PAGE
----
Of course, this doesn’t mean that the process of opening bars is without hiccups. John and Christian still remain perplexed at the amount of opposition they get when submitting a licensing application to a new area. Current plans are going through the motions for a site in Otley.

‘Maybe the opposition comes from the fear of the unknown.’ Says Christian. ‘When you go back to our original idea in 1997, it was to create somewhere where nice people can hang out together.  That’s all we want to do with all of our bars.’

festivals_51_3205908258Matt reinforces the message as we turn our attention to where North sits in the current trend for “Beer Bars”. It’s clear that as far as Matt is concerned, it’s not even really about beer.  ‘First and foremost, we are a bar. Beer is massively important to us; but it’s as important that we have good coffee, cocktails, spirits, wine and music. We like to hold interesting events and provide the same excellent experience to our customers no matter what they are drinking. A lot of bars – especially the beer bars – don’t quite get that yet.’

Matt is clearly excited at what lies ahead during 2012. The team have been hard at work collaborating with various brewers across Europe and producing 15 different, one-off beers for the people of Leeds to enjoy during the summer.  Matt’s most looking forward to a Smoked Barley Wine, which was produced Norway’s Nøgne-Ø .  ‘It’s delicious, and is only available elsewhere at The Copenhagen Beer Festival’, beams Matt.  ‘…Leading up to the actual birthday, we’ll be releasing one beer a day. We’ll have a Barbecue, and we’ve got a couple of other things going on too.’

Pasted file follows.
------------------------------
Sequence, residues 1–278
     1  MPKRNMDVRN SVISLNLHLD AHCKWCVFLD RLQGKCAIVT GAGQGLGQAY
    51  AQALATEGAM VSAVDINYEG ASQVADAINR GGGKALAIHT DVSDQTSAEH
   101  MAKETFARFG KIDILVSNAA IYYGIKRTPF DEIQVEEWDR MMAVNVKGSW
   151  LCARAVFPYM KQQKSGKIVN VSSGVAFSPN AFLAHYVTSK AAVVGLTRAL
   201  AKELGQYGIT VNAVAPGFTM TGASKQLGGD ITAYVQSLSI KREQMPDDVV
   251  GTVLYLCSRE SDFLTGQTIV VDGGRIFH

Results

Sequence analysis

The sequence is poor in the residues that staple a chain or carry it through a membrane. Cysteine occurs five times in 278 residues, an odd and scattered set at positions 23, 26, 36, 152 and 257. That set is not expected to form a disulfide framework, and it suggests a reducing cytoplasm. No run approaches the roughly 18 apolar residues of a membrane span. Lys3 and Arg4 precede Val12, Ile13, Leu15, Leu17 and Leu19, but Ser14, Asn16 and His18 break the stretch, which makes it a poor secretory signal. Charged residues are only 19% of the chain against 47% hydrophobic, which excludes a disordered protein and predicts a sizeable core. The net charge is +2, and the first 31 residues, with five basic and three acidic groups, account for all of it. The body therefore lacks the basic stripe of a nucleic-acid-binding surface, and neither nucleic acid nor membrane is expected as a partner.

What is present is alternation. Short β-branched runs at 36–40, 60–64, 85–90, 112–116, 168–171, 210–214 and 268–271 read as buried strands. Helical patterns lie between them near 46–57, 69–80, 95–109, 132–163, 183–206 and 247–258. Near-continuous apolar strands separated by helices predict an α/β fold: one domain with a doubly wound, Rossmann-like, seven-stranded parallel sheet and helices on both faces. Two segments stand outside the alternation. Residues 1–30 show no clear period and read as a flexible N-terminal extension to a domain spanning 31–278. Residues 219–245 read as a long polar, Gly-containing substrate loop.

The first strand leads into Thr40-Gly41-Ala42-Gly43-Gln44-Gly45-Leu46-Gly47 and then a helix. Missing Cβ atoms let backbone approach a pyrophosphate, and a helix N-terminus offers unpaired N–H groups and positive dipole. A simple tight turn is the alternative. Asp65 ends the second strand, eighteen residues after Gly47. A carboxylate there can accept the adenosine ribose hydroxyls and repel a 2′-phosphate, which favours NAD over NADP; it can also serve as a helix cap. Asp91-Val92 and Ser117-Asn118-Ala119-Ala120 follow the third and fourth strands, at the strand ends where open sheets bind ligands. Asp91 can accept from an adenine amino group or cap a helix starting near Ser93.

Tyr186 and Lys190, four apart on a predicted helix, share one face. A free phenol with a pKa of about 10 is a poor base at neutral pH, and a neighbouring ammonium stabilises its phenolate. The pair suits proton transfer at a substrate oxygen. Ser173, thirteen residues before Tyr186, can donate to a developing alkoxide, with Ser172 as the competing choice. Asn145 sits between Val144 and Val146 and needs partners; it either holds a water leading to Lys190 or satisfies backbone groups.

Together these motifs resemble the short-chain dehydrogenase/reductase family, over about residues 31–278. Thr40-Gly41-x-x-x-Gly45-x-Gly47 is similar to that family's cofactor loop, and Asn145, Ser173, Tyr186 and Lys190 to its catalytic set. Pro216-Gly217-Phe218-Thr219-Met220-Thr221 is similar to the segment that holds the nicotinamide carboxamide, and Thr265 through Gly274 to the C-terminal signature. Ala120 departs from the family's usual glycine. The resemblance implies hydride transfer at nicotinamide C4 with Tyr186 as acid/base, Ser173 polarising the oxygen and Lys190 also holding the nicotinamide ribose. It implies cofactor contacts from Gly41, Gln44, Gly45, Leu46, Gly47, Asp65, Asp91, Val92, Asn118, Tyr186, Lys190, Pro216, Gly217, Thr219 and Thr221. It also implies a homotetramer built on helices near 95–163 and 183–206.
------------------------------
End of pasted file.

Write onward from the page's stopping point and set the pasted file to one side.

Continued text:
North may have gone about their business in the last 15 years with quiet assurance, but one thing is clear; this summer, North are ready to really celebrate and remind themselves – as much as anyone else – how important it is to the Leeds social scene.

‘It’s amazing, really.’ Laughs Matt when I ask him what he thinks of the current interest in Real Ale and “Craft Beer”. ‘People are getting into beer, but in different ways – like through food. There’s stuff happening all the time now, all for beer. That’s not to say that you can just offer the same stuff as everyone else. We try to offer as much variety as possible; from locally-produced ale for £2.90, or a bottle of Barrel-aged stout from another part of the world, we’ll try and do it all. There’s got to be a balance there.’

John has the final word on that point. ‘You have to be inclusive. Places that are not will come and go. You need to have great beer…but also knowledgeable, friendly staff, great spirits and great music.’

I think it’s safe to say that North have achieved that goal admirably.

One comment

  1. One of the great institutions of our city, they represent everything that’s right about independent-minded businesses. They can do no wrong in my book.

Comments are closed.